If you’ve been following the recent news about the pop-star, Britney Spears, she has not been allowed to manage her own money for the past 13 years because the court appointed her father as her conservator in 2008, and although she has expressed her desire to end the conservatorship, or at least have the court appoint someone else other than her father as conservator, at the time of this writing in July of 2021, her case is still pending, and in the meantime, millions of dollars have gone to her father for his services as conservator. Another case that is closer to home here in Hawaii is that of Princess Abigail Kawānanakoa. She wanted her spouse to be able to manage her finances, but the court appointed someone else as her conservator.

It’s hard to say if these decisions are actually in the best interest of the individuals involved or not, but one thing is sure: If you don’t specify who you want to name as your fiduciaries ahead of time, there’s a good chance that your wishes might not be honored when if goes to a court to decide for you.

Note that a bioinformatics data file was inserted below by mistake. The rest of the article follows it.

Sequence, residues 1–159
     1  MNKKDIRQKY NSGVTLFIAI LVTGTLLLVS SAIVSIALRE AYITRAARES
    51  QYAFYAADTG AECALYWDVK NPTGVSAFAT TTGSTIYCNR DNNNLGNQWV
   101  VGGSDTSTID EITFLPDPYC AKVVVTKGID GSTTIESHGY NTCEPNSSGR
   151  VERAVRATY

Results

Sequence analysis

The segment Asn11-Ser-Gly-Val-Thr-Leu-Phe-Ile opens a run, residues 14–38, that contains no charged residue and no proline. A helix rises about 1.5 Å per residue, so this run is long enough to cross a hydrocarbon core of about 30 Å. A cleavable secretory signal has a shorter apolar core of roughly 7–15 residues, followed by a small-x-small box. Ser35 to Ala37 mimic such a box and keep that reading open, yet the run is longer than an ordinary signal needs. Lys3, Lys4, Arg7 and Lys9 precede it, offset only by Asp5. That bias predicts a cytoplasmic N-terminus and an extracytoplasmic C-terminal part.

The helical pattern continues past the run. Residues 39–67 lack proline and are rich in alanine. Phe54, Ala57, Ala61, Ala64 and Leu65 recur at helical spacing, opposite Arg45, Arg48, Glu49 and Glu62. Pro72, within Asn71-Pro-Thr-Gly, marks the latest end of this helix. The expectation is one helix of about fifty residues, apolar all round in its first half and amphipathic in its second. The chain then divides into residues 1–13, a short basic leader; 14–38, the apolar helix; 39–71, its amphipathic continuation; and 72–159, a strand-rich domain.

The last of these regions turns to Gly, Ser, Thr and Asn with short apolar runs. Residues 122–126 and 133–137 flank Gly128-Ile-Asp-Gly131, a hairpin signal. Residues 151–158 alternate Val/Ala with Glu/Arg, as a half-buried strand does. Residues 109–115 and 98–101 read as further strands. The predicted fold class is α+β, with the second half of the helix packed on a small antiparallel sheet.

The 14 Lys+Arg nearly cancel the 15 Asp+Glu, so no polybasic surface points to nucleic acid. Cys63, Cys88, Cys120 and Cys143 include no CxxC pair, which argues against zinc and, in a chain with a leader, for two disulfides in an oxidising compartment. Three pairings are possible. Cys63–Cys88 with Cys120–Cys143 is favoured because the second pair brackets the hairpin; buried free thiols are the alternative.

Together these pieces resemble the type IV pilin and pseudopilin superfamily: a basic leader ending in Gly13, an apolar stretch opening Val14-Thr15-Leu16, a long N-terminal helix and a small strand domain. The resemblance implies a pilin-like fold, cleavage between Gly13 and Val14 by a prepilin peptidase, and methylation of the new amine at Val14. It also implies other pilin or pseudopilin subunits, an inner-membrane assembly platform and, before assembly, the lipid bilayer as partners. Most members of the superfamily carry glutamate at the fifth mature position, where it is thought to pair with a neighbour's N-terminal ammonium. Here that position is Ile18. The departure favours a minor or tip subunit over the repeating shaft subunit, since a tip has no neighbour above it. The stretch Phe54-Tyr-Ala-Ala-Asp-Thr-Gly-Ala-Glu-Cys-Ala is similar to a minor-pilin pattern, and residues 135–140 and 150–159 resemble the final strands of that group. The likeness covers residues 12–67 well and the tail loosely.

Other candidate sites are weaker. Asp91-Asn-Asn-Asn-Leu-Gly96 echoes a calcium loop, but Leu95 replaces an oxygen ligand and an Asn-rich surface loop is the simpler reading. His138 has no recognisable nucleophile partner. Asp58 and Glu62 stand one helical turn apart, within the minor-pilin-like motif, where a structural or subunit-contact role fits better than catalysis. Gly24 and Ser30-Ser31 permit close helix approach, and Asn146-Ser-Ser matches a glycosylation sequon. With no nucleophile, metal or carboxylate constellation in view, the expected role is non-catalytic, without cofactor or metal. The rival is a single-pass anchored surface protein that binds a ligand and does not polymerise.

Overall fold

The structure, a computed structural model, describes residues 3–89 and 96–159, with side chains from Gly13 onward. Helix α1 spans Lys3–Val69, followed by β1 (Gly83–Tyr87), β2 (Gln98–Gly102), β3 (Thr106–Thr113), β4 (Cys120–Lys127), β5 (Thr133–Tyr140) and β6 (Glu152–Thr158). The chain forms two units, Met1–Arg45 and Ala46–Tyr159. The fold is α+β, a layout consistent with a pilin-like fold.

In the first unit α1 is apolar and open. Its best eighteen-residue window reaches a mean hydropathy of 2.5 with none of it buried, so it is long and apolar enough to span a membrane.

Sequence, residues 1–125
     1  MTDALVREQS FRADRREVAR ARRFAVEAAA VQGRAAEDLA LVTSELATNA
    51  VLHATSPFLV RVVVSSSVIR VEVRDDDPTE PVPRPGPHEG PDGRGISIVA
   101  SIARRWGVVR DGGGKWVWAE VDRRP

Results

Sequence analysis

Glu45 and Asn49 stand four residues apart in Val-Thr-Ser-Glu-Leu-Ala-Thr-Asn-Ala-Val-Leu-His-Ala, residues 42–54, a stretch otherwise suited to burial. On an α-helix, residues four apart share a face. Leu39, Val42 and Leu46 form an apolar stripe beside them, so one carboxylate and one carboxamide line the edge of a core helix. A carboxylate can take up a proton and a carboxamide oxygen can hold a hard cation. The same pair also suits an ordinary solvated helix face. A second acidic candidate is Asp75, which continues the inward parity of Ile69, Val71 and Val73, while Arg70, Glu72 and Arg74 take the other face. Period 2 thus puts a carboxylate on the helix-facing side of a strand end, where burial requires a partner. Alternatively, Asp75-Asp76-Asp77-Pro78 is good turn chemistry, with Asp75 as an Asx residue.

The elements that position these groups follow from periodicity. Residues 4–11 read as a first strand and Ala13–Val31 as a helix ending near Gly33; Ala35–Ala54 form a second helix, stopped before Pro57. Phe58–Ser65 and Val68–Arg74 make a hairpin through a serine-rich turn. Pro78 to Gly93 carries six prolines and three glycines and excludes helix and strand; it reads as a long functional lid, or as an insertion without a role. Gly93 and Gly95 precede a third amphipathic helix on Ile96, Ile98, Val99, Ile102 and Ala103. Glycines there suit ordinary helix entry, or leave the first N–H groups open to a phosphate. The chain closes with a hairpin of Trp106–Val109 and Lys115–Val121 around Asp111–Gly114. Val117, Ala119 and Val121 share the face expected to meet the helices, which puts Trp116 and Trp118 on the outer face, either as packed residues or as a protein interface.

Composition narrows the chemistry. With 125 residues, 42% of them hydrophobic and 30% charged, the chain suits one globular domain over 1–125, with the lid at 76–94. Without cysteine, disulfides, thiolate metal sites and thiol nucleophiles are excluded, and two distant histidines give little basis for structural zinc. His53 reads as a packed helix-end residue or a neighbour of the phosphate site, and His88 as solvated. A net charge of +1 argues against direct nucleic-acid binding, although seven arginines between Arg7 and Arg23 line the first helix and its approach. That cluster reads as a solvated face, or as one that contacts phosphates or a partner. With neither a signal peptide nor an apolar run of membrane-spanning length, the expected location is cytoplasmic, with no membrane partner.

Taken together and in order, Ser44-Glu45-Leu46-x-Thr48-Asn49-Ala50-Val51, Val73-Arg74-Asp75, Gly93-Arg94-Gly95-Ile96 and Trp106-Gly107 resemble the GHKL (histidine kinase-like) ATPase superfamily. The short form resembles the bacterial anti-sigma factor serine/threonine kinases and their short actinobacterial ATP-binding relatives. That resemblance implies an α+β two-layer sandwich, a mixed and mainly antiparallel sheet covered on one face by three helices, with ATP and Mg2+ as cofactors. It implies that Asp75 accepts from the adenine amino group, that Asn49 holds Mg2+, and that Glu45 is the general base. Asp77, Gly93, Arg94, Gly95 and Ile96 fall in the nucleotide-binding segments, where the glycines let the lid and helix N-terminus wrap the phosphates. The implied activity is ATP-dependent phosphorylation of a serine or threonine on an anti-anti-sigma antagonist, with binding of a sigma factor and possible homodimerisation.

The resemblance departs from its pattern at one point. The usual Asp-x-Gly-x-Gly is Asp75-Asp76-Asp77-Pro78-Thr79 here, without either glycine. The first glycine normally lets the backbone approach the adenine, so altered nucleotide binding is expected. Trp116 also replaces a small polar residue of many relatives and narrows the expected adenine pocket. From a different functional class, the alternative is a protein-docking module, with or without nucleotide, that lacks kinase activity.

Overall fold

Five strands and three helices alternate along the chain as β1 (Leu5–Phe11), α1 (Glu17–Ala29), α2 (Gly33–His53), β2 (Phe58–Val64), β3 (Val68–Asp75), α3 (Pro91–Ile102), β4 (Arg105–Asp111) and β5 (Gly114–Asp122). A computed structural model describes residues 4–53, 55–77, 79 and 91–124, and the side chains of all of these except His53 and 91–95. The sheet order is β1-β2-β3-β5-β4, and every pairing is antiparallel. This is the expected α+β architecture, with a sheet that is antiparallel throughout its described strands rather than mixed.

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Ethan R. Okura received his Doctor of Jurisprudence Degree from Columbia University in 2002.  He specializes in Estate Planning to protect assets from nursing home costs, probate, estate taxes, and creditors.


This column is for general information only and is not tax or legal advice.  The facts of your case may change the advice given.  Do not rely on the information in this column without consulting an estate planning specialist.